Fig. 2
figure 2

Polymer:non-fullerene acceptor cs-NPs generated from surfactant-stripping technique. a Chemical structure of polymer (P3HT), NFA (o-IDTBR), and surfactant (Pluronic F127) for cs-NP synthesis. b Synthesis and purification of nanoparticles by temperature-mediated CMC-switching strategy. c F127 retention as function of centrifugal washes at freezing and room temperature in water. d SEM of dried P3HT:IDTBR cs-NPs. Scale bar, 100 nm. Sample was prepared by spin-coating 2.5 mg mL−1 of aqueous cs-NP dispersion on silicon slide. e Tyndall effect observed from P3HT;IDTBR cs-NPs dispersion and size distribution of NPs before and after storage by DLS. The dispersion sample was kept in a freezer at approximately 0 °C for 3 months. f Zeta potential of NP dispersions synthesized by various surfactants during centrifugal washes. g Retention of tightly bounded F127 manifested by the absorption of ammonium thiocyanate salt-F127 complex (see Methods). h PL spectra (Excited at 500 nm) of annealed (150 °C, 10 min) films (approximately 200 nm) deposited by cs-NPs with different centrifugal washes at freezing temperature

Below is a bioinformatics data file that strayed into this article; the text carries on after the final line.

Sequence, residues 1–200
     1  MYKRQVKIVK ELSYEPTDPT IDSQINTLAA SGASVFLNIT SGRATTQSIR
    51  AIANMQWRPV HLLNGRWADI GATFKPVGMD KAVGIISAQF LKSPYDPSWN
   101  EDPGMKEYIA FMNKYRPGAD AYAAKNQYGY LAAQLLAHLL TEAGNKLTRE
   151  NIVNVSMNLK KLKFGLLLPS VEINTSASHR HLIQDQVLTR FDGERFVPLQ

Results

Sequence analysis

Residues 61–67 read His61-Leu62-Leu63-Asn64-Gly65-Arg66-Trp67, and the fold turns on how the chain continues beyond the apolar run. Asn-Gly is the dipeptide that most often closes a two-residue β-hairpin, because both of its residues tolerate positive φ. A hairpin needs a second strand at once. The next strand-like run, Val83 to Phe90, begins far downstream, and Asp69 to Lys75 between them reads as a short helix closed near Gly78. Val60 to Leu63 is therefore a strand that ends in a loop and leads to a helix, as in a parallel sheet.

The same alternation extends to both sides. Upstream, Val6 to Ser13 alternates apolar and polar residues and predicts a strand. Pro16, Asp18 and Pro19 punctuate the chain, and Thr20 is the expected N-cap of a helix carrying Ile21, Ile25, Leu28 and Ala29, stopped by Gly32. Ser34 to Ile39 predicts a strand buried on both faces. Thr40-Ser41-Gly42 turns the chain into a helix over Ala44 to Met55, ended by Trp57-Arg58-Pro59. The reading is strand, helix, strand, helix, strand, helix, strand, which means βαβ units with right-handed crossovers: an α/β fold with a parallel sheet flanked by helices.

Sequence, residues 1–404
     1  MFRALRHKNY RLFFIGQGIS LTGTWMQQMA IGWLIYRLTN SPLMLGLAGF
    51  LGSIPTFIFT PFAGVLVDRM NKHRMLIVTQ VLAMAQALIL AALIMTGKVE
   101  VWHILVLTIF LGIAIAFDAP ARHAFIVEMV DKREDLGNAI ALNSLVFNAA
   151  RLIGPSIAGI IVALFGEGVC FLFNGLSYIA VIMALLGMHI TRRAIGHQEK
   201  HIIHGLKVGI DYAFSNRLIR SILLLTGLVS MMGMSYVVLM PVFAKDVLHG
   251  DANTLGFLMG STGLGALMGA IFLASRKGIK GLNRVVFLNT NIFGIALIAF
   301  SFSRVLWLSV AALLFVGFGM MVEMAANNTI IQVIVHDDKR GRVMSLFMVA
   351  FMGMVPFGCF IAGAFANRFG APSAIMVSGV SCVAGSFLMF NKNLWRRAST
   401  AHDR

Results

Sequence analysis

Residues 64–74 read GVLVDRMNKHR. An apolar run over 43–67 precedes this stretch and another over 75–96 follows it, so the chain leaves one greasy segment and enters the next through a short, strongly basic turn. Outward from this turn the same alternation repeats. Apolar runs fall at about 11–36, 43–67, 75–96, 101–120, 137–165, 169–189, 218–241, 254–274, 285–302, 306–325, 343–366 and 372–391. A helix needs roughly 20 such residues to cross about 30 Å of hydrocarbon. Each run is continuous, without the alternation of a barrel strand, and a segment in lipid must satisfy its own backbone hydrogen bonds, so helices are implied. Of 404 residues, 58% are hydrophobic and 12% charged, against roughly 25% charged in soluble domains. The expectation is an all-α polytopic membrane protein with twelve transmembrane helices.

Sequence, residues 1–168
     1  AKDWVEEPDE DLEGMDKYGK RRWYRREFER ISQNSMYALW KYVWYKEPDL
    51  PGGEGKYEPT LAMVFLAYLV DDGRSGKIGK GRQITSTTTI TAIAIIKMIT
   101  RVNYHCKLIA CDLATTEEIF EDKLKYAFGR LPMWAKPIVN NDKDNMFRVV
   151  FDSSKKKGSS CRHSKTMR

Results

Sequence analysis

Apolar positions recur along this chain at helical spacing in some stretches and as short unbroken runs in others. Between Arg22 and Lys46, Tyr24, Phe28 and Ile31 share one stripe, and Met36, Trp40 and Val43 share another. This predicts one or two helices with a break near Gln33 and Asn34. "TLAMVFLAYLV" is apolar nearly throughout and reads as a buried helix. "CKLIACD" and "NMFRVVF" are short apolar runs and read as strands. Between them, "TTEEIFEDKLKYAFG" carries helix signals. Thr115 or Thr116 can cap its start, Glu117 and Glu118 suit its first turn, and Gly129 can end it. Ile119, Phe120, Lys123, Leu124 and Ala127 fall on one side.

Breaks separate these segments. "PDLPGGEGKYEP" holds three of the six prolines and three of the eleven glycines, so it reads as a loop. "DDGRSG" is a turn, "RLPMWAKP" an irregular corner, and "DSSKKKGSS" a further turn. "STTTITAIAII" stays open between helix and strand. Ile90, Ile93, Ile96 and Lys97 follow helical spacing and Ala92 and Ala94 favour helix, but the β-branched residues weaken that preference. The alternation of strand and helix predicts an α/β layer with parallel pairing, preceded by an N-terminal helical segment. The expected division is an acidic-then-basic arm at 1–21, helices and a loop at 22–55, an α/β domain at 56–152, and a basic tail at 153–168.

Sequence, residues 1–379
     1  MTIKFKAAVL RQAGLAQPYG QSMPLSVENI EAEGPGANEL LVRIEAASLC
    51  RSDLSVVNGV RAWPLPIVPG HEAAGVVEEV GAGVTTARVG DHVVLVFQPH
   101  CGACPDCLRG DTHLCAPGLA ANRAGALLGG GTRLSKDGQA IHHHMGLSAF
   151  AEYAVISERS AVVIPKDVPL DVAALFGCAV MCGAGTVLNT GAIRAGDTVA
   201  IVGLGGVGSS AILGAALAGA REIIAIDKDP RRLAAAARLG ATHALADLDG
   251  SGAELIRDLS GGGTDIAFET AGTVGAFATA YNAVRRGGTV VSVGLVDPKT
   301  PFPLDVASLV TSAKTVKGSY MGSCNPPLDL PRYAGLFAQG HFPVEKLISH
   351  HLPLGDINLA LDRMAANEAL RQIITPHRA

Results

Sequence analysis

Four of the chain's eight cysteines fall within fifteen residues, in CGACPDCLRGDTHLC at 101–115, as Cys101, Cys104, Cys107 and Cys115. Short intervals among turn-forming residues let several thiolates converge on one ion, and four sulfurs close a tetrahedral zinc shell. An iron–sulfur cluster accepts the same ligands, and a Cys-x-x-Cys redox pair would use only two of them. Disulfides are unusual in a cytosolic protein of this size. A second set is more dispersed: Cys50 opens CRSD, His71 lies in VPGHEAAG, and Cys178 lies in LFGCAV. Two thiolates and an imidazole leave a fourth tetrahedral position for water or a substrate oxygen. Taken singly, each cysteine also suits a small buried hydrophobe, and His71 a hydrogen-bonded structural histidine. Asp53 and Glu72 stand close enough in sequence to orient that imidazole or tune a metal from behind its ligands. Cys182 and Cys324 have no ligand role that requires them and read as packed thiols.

The poloxamer F127 was selected because of its temperature-sensitive CMC43,44. As described in Fig. 2b, when we lowered the temperature of the NP dispersion to nearly 0 °C, a steep increase of CMC converted F127 micelles back to linear poloxamers in water and enabled removal of all excess stabilizers by centrifugal filtration (described in Methods), leaving retentate with rather pure BHJ NPs behind. The filtrate after each centrifugal wash was collected for evaluating the quantity of residual F127 during such surfactant-stripping process (described in Methods)39. As shown in Fig. 2c, a fivefold centrifugal segregation removed all excess F127 at 0 °C, as determined by colorimetric assay (Supplementary Fig. 4)45, whereas the process is ineffective at 25 °C. The first wash only removed 8% of F127 when it was done at room temperature, which is much less than over 60% of elimination at 0 °C. This surfactant-stripping technique did not lead to a sedimentation of active materials, which were 100% retained during the washing process. Unlike the P3HT:o-IDTBR NPs in alcohols, no large aggregates are observed from the surfactant-stripped NPs with a controlled surfactant density (cs-NPs) by SEM (Fig. 2d). The constancy of averaged size of cs-NPs (Fig. 2e) demonstrates that the cs-NPs are highly stable and no occurrence of Ostwald ripening46 and only minor sedimentation was observed after three months storage at around 0 °C.